Chaim Pearlman
Chaim Pearlman being released in Petah Tikva, August 12, 2010. Photo by Alon Ron
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Chaim Pearlman, who is suspected of fatally stabbing at least three Palestinians more than a decade ago, was released to house arrest yesterday and promptly said he had been abused and humiliated while in jail.

The Petah Tikva Magistrate's Court said on Wednesday that the Shin Bet security service lacked sufficient evident to indict him, but Pearlman's release was delayed until yesterday morning to give police enough time to appeal it to the district court.

"I was held in jail for 31 days," said Pearlman on his release. "They cursed me, they tried to humiliate me. I suffered, but it's all for the best."

On Monday, Petah Tikva judge Nachum Sternlicht had already concluded that police had insufficient evidence for an indictment, but he gave them two of the additional eight days they had sought to complete their investigation. When they failed to produce new evidence by Wednesday, he ordered Pearlman released.

"These are serious allegations of murder, and the suspect has been held for a month," Sternlicht said on Wednesday. "Evidence that led to his arrest has been gathered, but it was not sufficient to file an indictment."

Questions remain over the Shin Bet's handling of the case and over the exact number of killings Pearlman is suspected of having committed.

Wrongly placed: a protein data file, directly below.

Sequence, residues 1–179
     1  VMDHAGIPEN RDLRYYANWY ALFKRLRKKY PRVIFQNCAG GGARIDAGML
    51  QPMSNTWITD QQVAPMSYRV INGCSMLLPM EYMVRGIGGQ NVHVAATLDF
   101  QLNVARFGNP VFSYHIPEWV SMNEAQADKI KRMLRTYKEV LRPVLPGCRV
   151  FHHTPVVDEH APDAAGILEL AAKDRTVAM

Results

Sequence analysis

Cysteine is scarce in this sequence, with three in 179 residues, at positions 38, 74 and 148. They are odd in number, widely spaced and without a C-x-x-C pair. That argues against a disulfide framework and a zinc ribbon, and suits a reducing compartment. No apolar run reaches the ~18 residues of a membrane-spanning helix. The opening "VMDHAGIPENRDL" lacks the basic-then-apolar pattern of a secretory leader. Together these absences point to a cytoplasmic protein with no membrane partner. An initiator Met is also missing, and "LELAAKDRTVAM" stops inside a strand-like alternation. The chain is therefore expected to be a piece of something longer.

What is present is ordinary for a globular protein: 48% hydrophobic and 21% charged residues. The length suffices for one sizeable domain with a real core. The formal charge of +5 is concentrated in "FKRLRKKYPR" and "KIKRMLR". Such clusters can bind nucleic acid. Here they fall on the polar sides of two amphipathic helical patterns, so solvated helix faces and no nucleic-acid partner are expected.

"Pearlman was held for a month in a case in which there was no evidence from the start," said his attorney, Adi Keidar, yesterday. "They said 'we caught a murderer,' but they had no proof."

Keidar said he has filed a complaint over Pearlman's claim that he was tortured.

The B'Tselem human rights group joined the demand to probe the Shin Bet's treatment of Pearlman.

"Pearlman's description of the Shin Bet's improper interrogation methods, including binding him painfully, keeping him in extremely low temperatures, pushing him to the ground while his hands were bound and beating him, resembles descriptions by Palestinian prisoners who were interrogated by the security service in recent years," it said.

But despite these recurrent allegations, B'Tselem noted, no investigation has been opened into complaints of Shin Bet torture since 2001.

In its statement Wednesday, the Shin Bet said the investigation against Pearlman had raised serious suspicions - based in part on the suspect's own remarks - regarding Pearlman's personal involvement in a series of murders and other offenses. The investigation strengthened these suspicions, Shin Bet sources said yesterday, but never produced sufficient evidence for an indictment.

The Shin Bet began the investigation on the basis of intelligence that linked Pearlman to a series of stabbings in Jerusalem in the 1990s.